At WallStreetBets, some users came to believe that GameStop stock is genuinely undervalued; as such, some users like one by the name of DeepF***ingValue recommended to buy GameStop stocks through his YouTube channel, where he goes by RoaringKitty (In real life, he is a financial advisor from Massachusetts named Keith Patrick Gill, according to CNBC.).

Hearing his words came the co-founder of a pet food startup “Chewy” Ryan Cohen who invested millions in stock in GameStop, becoming a member of the board of directors, thus also encouraging the users of the subreddit to short the stock*. Besides, positive media coverage that came with this news also helped grow the stocks of a dying company.

“Wall Street, meanwhile, was not nearly as optimistic about GameStop’s future in the coronavirus era, given its past performance. Some hedge funds, including Citron Research and Melvin Capital, had decided to short the company’s stock to make money for their investors, which is the whole purpose of a hedge fund. And people on r/WallStreetBets found out this was happening.”

– Huffpost

Funny how Wallstreet, considered a place for serious minded people who use their intellectual skills to outsmart each other were outsmarted by a subreddit that started as a not-so-serious movement against elitism who defeated the creators at their own game.

The man, the myth, the legend himself Keith “DeepF***ingValue” Gill. Apparently, Gill invested $53000 and came back with a profit of 4000% that’s estimated as $48M although Reuters couldn’t independently verify his profits.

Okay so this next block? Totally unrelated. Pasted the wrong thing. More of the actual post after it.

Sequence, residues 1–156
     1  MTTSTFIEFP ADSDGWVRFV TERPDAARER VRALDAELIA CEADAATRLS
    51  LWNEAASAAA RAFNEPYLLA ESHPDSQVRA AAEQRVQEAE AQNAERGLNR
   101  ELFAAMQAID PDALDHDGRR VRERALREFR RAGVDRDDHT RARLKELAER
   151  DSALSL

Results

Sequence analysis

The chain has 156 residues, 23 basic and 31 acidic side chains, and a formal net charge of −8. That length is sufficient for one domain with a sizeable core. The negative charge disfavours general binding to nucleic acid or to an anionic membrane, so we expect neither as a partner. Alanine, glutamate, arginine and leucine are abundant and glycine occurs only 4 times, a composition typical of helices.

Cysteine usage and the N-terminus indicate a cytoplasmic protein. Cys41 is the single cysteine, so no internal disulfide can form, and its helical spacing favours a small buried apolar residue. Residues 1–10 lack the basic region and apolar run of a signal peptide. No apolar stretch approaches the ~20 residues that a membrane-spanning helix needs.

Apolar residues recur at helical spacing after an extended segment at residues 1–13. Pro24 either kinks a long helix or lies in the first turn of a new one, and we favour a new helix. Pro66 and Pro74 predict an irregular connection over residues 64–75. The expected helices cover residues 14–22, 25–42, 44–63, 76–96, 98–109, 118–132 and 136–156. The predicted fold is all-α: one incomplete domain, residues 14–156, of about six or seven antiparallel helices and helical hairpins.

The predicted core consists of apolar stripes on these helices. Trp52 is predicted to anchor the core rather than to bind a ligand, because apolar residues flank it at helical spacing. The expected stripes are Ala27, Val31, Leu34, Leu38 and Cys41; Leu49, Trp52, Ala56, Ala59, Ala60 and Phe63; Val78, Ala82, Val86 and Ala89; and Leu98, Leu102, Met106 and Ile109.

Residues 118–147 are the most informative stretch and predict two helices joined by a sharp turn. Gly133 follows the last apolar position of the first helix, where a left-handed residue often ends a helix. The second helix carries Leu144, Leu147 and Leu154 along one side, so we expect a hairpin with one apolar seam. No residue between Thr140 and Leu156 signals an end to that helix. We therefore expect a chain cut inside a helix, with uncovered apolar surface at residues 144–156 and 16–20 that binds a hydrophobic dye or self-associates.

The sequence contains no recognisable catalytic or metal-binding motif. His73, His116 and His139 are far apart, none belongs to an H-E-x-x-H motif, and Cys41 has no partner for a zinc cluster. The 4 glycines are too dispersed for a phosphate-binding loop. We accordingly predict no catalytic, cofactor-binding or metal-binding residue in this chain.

How this affected various companies

Competing with the older well flourished stock sites are the new free-to-use apps that provide stock investing for free. Such an app by the name of ‘Robinhood’ which suspended any trade-in of GameStop, along with other “meme stocks” – AMC Entertainment, Blackberry, and Nokia as they had to comply with the rules set out by “Securities and Exchange Commission” for free trading of its users, which led to the users to call it to heart to not invest in stocks. So they posted negative reviews of the app in Google PlayStore and, for the first time ever, almost 1,50,000 negative comments were mass-removed, which surely didn’t present a positive review in front of its users. Other free stock trading apps did this as well. A cryptocurrency by the name “Dogecoin” went from a mere $58K to a whopping $6B in worth since this happened.

What will happen next?

The lawmakers are gonna ease it down gradually like any other Reddit movements (viz PewDiePie vs T-Series feud). However, it shows that some amateur guys can actually put a stop to people suffering for not being able to buy or increase their personal jets and boats through this (elite wealthy people).

 

TL;DR: Wall Street is rich and can control stocks; however, a bunch of amateur traders increased price of decreasing products by making online movements and buying a lot of it resulted the price reach an absurd height; for which Wall Street is mad now but the amateurs say they are making a point about aristocracy.

 


Hedge fund*: A hedge fund is an alternative investment that is designed to protect investment portfolios from market uncertainty, while generating positive returns in both up and down markets. 
Stock shorting*: An investment strategy wherein one makes some quick money by betting against a company ― that is, betting that its stock price will drop.